candlestick

August 1843-March 1844


The Collected Letters, Volume 17


-----

TC TO KARL AUGUST VARNHAGEN VON ENSE ; 4 December 1843; DOI: 10.1215/lt-18431204-TC-KAVE-01; CL 17: 196-198


TC TO KARL AUGUST VARNHAGEN VON ENSE

Chelsea, 4 Decr, 1843—

My Dear Sir,

Will you accept from me this new packet of mostly worthless Autographs, if perchance it may amuse you for an hour. The collecting of it, as opportunity spontaneously turned up, has been a real pleasure to me, not a trouble or employment in any sense. We will keep the lion's-mouth still open; and when I find any contribution accumulated there, I will continue to send it you.

Several of these Autographs, I think, are duplicates: but you can burn the second or the first, whichever you find the more worthless, and retain the other. The best part of them, as you will perceive, came to me from Mr Lockhart, Sir Walter Scott's son-in-law, Editor of our chief Review,1 a man of sound faculty and rather important position here,—who has lately made acquaintance with your writings,2 and is glad to do any civility to such a man.

It is now about three weeks since a new Gift of Books from you arrived safe, thro' the assiduous Bookseller Nutt.3 Many thanks for your kindness, which never wearies! They are beautiful volumes, the outside worthy of the interior, these of your own: they stand on my shelves, in a place of honour; and, as I look at them or re-examine them, shall remind me of many things.— Nyerup too seems an excellent work of its kind; and shall be well read and useful to me one day.4 I wanted precisely such a lexicon, for those Norse Mythics. The business has had to postpone itself for the present; but is by no means finally dismissed; may it is likely to return, on occasion, for a long course of time. I often feel it to have been a great mistake this that we Moderns have made, in studying with such diligence for thousands of years mere Greek and Roman Primordia, and living in such profound dark inattention to our own. Odin seems to me as good a divinity as Zeus, the Iomsburg is not a whit less heroic than any Siege of Troy;5— the Norse conception of this universe, the Norse operations in this universe, were as well worth singing of, and elaborating, as some others! But Greeks and Romans, I suppose, did not found Colleges for studying the Phoenician languages and antiquities? In how many ways are we ridden as with nightmares, we poor Modern men!— —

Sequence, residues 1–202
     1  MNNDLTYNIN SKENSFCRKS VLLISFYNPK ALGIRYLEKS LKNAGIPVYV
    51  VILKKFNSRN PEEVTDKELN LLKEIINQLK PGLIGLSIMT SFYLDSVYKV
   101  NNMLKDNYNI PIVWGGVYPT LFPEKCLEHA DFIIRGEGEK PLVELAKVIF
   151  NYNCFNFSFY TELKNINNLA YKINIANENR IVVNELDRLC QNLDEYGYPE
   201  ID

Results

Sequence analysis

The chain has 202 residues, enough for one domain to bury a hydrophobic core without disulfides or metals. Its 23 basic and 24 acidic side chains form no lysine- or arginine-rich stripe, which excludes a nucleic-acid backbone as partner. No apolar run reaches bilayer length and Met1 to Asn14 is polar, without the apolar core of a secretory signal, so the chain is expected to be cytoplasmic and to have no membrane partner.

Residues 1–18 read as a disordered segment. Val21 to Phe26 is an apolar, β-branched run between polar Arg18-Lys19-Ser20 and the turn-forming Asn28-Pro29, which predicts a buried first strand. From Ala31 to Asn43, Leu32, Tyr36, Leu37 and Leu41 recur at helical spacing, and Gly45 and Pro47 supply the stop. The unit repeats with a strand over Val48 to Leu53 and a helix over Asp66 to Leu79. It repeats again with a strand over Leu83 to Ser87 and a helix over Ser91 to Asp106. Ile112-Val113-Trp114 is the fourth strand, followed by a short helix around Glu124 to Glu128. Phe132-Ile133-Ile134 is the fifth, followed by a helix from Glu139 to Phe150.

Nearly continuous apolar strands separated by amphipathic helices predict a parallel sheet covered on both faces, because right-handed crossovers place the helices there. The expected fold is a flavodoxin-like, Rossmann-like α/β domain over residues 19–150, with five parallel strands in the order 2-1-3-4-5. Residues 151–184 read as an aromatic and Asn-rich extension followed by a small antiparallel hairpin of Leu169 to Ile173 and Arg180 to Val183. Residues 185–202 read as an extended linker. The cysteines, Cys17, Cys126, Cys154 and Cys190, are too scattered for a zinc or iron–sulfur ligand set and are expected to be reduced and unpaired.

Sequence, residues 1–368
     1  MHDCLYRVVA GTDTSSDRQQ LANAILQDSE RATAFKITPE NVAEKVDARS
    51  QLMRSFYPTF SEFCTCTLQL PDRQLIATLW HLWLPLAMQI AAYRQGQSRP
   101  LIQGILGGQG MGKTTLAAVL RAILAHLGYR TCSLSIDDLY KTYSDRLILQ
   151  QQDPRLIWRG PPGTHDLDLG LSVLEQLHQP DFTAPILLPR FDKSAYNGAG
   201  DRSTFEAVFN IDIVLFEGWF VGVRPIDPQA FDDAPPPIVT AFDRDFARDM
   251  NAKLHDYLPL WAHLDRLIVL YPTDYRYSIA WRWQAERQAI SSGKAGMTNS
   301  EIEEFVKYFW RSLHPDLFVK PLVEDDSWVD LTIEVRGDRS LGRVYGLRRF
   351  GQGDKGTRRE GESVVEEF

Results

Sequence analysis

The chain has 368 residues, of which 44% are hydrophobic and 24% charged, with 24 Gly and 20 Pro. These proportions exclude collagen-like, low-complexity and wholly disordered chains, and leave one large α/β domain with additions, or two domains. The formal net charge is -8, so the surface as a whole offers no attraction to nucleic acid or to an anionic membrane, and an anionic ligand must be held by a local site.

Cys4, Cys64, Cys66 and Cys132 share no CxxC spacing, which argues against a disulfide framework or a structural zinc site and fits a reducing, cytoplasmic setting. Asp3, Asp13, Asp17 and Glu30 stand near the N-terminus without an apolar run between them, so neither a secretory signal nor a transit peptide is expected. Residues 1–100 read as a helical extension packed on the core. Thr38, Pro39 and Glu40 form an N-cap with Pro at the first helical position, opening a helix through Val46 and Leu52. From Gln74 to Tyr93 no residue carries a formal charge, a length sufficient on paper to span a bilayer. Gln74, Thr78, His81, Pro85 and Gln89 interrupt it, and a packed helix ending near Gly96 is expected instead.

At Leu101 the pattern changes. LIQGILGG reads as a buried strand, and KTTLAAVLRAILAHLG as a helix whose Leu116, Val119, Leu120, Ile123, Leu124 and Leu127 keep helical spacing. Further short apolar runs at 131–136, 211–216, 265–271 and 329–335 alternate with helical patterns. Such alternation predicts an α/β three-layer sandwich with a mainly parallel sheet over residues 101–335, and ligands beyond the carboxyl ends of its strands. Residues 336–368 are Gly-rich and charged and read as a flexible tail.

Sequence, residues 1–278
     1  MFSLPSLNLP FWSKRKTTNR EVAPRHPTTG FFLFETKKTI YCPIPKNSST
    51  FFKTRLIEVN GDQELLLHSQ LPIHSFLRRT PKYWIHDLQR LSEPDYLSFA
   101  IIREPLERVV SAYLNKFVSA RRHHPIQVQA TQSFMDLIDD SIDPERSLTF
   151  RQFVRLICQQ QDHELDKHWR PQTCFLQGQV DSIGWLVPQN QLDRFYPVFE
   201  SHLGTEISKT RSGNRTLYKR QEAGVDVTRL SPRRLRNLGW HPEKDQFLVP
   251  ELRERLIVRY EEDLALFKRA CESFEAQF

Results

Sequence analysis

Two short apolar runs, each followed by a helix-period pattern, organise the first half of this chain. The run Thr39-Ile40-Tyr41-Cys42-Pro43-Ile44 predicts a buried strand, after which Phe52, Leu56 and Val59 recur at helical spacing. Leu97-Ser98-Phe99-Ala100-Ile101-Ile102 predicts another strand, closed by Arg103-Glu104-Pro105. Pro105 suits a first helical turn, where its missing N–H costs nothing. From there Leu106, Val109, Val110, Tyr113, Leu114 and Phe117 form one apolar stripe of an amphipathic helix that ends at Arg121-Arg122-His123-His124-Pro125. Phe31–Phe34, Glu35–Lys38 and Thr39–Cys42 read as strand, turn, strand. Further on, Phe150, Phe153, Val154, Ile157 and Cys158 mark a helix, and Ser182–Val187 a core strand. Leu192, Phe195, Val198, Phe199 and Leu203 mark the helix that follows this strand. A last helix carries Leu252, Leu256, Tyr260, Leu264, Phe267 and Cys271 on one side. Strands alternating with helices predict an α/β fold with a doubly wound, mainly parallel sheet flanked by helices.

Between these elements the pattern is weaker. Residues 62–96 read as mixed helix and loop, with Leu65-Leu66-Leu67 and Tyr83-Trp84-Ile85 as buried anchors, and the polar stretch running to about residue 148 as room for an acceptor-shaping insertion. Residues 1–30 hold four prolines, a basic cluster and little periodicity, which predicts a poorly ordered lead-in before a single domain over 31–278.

After long sorrows and confused hesitations, I have at last sat down to write some kind of Book on Oliver Cromwell and the English Civil Wars and Commonwealth. It is the ungainliest enterprise I ever tried; grows more and more bewildering, the closer I look into it: many times I have wished it had never come athwart me; stolen already various years of ugly labour from me. But in many enterprises years of sore labour are to be sunk as under the foundations. I say and repeat to myself: St Petersburg is a noble city; and there had to perish 170,000 men in draining the Neva bogs, before the building of it could begin; under the first visible stone of Petersburg there lie 170,000 lives of men!6 Courage!— I must not forget to thank you for the good Stuhr:7 some gleams of military illumination I did get from him, which is more than I can say of several more pretentious personages.

The musca volitans is not unknown to me;8 I had, for some five years, and still occasionally have, a very pretty one,—which I call the “French Revolution,” that Book having brought it on me! Ill health is a most galling addition to one's burdens. But here too we must say, Courage, Courage! You have long been a sufferer under this foul Fiend; and you have wrenched some good hours from it too, and have some right brave work to shew for yourself nevertheless. Festina lente [Make haste slowly], that is the important rule. May I hear speedily that you are better; that you are again victorious and remember me! And so adieu, dear Friend, from your affectionate,

T. Carlyle